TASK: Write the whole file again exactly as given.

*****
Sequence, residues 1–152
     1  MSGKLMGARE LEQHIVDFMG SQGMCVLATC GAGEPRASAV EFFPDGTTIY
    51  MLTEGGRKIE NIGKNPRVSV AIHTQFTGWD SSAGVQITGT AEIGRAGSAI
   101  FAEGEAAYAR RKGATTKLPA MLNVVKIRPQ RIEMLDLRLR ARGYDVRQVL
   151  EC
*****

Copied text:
Sequence, residues 1–152
     1  MSGKLMGARE LEQHIVDFMG SQGMCVLATC GAGEPRASAV EFFPDGTTIY
    51  MLTEGGRKIE NIGKNPRVSV AIHTQFTGWD SSAGVQITGT AEIGRAGSAI
   101  FAEGEAAYAR RKGATTKLPA MLNVVKIRPQ RIEMLDLRLR ARGYDVRQVL
   151  EC